Book: Roman Mask by Thomas M D Brooke
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Thomas M D Brookeabout this book: Turning a negative into a positive – the inspiration behind Roman Mask
It was an October night, and I was returning home from a night out with a few friends in my local pub in London, when something happened that changed my life dramatically. The nights were closing in, so it was already dark by the time I left the pub, but I was in a good mood. I'd recently returned from a trip to Pompeii , so I'd been telling everyone of my excitement at walking through the Roman streets, marvelling at the murals and depictions on the well preserved houses, and laughing about the seedier aspects of the ancient city – the brothels and street graffiti that had also survived the great volcanic eruption of AD 79.
It was probably because I was so preoccupied with these thoughts, that I didn't see the guy who came out of an alcove and wrapped an arm around my neck. My first thought was, 'Am I being mugged? Who's going to mug me??' – I'm a big guy, over six feet tall and I keep myself in pretty good shape, so I'd always thought the chance of this happening in London were pretty remote. But I was wrong.
When the second guy came out from behind a car, then the third from behind a bush I knew I was in trouble. This was no ordinary street robbery; these guys were out for blood, and the three of them surrounded me and between them punched, kicked, and smashed me to the ground, beating me to an inch of my life.
Afterwards, as I tried to hobble home – one of them had crushed my foot, to prevent me from getting up – another passer-by saw me covered in blood and called an ambulance. I was lucky, I got to live another day. And within a few weeks, my bruises healed, and I began to walk without a limp, all physical signs of my encounter disappeared. But that was just the start of my nightmare.
I was completely unprepared for the mental-trauma that such an incident inflicts on you. That winter was torture for me. After any night out, I was terrified to go home; I found I was scared of the dark, constantly thinking that people would jump out of the shadows at me. I'd never previously been a heavy drinker, but over that winter I found I needed to drink a lot just to give me the courage to walk home. I could have called a taxi, but then people would wonder why I was taking a cab for such a small journey – this became another all-encompassing fear: that others would find out about my terror. This might seem irrational, but at the time, that fear was almost as great as being mugged again.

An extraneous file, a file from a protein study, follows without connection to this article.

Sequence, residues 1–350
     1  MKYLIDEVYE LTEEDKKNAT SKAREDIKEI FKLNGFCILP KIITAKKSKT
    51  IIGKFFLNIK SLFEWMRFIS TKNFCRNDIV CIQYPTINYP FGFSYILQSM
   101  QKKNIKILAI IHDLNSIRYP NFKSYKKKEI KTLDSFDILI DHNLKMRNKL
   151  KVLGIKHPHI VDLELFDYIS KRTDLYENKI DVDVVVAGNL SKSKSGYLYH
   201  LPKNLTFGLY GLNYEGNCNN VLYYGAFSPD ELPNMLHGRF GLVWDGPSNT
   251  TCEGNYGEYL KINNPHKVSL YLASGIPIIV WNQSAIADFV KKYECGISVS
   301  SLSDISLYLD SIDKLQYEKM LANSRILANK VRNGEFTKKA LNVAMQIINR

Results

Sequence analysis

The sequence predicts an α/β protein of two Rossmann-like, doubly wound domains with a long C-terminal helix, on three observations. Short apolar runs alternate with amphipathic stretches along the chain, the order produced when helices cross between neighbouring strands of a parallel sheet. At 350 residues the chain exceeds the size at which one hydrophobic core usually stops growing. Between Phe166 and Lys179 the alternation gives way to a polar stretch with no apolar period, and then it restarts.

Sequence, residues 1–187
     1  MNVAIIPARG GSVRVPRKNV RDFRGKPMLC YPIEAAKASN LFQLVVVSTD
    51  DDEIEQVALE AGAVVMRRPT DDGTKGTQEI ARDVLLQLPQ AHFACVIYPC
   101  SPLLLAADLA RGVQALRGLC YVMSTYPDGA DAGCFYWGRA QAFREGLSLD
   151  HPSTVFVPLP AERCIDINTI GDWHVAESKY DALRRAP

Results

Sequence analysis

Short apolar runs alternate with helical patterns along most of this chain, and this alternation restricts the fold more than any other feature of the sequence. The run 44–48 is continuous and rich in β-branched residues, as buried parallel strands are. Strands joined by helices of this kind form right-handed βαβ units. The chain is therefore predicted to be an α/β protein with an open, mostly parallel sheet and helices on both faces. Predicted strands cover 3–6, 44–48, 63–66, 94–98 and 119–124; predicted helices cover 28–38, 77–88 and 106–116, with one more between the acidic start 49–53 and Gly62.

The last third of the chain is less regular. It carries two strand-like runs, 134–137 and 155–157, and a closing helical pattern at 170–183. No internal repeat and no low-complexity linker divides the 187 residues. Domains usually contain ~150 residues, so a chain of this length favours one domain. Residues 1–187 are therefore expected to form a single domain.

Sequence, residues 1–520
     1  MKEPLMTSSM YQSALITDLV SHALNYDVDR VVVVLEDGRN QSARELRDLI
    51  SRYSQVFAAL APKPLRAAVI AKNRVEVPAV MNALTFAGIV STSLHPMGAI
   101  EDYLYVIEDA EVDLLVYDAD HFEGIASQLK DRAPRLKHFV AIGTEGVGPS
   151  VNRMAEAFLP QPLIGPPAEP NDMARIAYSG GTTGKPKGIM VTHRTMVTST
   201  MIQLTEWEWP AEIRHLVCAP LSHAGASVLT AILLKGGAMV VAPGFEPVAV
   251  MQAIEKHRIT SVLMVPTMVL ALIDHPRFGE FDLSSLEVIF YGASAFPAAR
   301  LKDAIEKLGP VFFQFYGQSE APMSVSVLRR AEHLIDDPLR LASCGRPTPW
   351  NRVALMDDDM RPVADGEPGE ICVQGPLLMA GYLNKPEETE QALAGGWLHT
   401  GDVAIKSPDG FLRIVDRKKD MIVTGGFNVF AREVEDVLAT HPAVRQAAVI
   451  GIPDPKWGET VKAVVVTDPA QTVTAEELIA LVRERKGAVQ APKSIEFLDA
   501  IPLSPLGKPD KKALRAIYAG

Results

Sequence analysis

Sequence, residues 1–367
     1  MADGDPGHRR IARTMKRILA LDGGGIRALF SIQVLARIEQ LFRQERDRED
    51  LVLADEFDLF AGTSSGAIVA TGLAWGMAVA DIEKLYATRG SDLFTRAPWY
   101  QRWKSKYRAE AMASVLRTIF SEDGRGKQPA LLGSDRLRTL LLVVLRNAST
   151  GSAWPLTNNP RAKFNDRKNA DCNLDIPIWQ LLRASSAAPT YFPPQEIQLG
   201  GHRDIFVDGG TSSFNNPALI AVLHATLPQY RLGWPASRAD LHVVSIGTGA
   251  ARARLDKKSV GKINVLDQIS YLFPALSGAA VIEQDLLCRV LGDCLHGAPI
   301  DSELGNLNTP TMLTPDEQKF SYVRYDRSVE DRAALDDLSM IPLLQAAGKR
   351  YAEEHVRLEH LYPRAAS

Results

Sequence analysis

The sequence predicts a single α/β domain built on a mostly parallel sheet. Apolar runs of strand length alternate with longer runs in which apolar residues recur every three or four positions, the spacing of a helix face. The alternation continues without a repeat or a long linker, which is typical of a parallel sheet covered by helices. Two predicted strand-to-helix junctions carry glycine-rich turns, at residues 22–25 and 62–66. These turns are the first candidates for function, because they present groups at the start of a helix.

Those first six months were very difficult, but then as the nights started getting lighter, an idea came to me. After visiting Pompeii I'd been searching for a character to be a lead in a novel set in ancient Rome – someone who fully embraced the entirety of Rome, its seedier aspects as much as its magnificence. Why not put my experiences to good use, rather than having it a weight bearing me down, let it be something that produces something positive. At the time, the news on the television was full of stories of soldiers returning from Iraq and Afghanistan with post-traumatic stress and it made me think how soldiers dealt with such issues in the ancient world. My experiences had shown me the power that traumatic events can play on the mind, and I quite simply didn't believe anyone who claimed that in the ancient world such a thing was not a concern because life was different back then. The human mind was biologically exactly the same then as it is now, and just as fallible to conditions we now diagnose and understand the importance of.
So I came up with the character Cassius, a great soldier, but someone who'd been affected by a terrible battle a few years before in the forests of Germany. I knew from my own experiences how easy it was to fall into a trap of blaming yourself for your own perceived weakness, and I knew how living a lie to hide that same weakness can become a part of life. I then started my novel in Rome so I could show Cassius being seduced by the many vices of that ancient city – something that is all too easy to do under such circumstances. I then returned Cassius to Germany where he learns to understand and come to terms with his fears, just as I did whilst writing my novel. The novel culminates in the Teutoburg forest and one of the most dramatic and historically significant battles of the ancient world. Cassius needs to draw on all his courage and strength in the midst of that terrible event.
I'm now pleased that I encountered those three men, that fateful night in October. It was a terrible experience, but it gave me something so much more – I wouldn't change it for anything.
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